Thursday, May 22, 2008

May 22, 2008
Woke up to a cold day! Surreal. I had stored all of my sweatshirts and sweatpants away last Sunday when we hit triple digits. Well, this morning we woke up to low sixties temps with a storm coming in. Really nice and chilly out. Another reprieve. Turned the coolers off and the chicken mister. Broke out the little chickie turtle necks and wrestled them on the hens.

All true, except for the last item.

Grief From The East
"Sure glad to hear that you avoided the chest cracker. Things seem to be going your way, my man. Excellent. Patty and I continue to keep you and Kathy in our thoughts and prayers. I can't wait to get out there. I've got to get some photos of you in a yoga class. Un-frigging-believable...Next it will be meditation, a guru, trips to India...And lots of incense."
—Mark Boardman

Mark is coming out for our annual editorial pow wow next week. And I told him if he wants to take a photo of me in yoga class he's got to come to the class and participate. Take that, you Hoosier Down Dog.

Kathy and I are reading an excellent book, The Power of Now by Eckhart Tolle. I believe one of her patients recommended it. The message is quite profound, at least to a heart attack survivor looking for new meaning to apply to the extra innings, as it were. The basic premise is we live our lives tortured between regrets about the past and fears for the future and our feverish little minds keep us from living in the moment, or the Now. In addition, our egos, or in my case MY HUGE EGO! is addicted to thinking, blaming and judging my past and badgering myself to perform in the future.

The answer is quite simple and profound. Be present now. Don't judge the past or fear the future. Both are illusions. Nothing ever happens in the past and nothing can happen in the future. The test? Try to stay in the present for ten minutes. It was close to impossible for me. Every time I thought of something in the past (Man, I hated getting fired from KSLX) I said "past" out loud. Every time I thought of something in the future (I set a deadline for Mickey Free and I'm not going to make it because I'm a failure and I got fired from KSLX because they saw through me and know I'm really not worth a damn), I said "future." Or, in this case, "Future-past." I did this as I walked up the road on my morning walk last week and it sounded pretty ridiculous, especially to the dogs, who kept turning and looking back at me as if to say, "Are you alright?"

Well, actually I'm not. I've lived my whole life, six decades, tortured by massive guilt and regrets about my past, and fears and anxiety about the future. And I'm just tired of it. Here are a couple excerpts from the book that speak to me:

"All true artists, whether they know it or not, come from a place of no-mind, from inner stillness." I've sort of always known this, but when it comes to my artwork I invariably try to think my way clear and this rarely works. And yet I keep doing it because my mind enjoys torturing me.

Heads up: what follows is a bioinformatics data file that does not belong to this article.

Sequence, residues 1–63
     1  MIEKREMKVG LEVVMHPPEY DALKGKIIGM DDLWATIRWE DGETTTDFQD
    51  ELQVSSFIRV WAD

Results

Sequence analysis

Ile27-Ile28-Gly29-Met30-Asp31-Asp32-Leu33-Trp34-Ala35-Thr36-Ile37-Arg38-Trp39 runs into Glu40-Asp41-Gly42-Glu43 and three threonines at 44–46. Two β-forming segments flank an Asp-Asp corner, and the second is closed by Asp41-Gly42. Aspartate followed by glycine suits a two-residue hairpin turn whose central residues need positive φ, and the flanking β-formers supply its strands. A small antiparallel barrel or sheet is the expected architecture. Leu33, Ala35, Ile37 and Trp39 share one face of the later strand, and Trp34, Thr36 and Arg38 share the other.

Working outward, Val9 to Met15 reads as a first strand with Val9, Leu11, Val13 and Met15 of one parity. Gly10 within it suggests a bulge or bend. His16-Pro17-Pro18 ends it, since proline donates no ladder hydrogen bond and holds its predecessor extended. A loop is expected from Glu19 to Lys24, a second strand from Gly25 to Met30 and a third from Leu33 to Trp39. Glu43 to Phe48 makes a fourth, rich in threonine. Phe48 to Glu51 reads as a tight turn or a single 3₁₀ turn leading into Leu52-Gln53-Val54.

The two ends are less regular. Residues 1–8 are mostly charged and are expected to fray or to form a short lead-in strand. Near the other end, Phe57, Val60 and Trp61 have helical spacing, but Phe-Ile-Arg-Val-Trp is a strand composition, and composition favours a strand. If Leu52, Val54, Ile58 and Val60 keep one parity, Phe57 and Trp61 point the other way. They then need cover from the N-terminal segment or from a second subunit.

"Don't think about it—don't let the feeling turn into thinking. Don't judge or analyze. Don't make an identity for yourself out of it. Stay present, and continue to be the observer of what is happening inside you. Become aware not only of the emotional pain but also of 'the one who observes,' the silent watcher. This is the power of the Now, the power of your own conscious presence. Then see what happens."

"Certain things in the past didn't go the way you wanted them to go. You are still resisting what happened in the past, and now you are resisting what is. Hope is what keeps you going, but hope keeps you focused on the future, and this continued focus perpetuates your denial of the Now and therefore your unhappiness." This sure nails me to the barn door.

Yesterday, in the hospital I found myself getting anxious ("Future!") "They're going to find my arteries blocked and fire up the chain saw, grind through my ribcage, and take my heart out and throw it in a bucket!"

That was my mind racing with future anxiety, of course. I did actually look at the ceiling tiles and tried to stay present, asking myself, "Are they poking you now? Let's enjoy this moment when they are not." It worked. They gave me no drugs beyond the local numbing in my groin area. I'm telling you, this staying in the Now is a powerful deal.

Two weekends ago, Kathy and I went to Grandma Betty's and she gave me some grade school photos of Kathy Sue growing up. I love these photos! Notice how she goes through the bangly, gangly stage and ends up, at the bottom, a gorgeous young lady. ("Past!")

Actually, as I read it, it's okay to visit the past in your mind, just don't get caught brooding there.

"Quiet minds cannot be perplexed or frightened but go on in fortune and misfortune at their own private pace, like a clock during a thunderstorm."
—Robert Louis Stevenson

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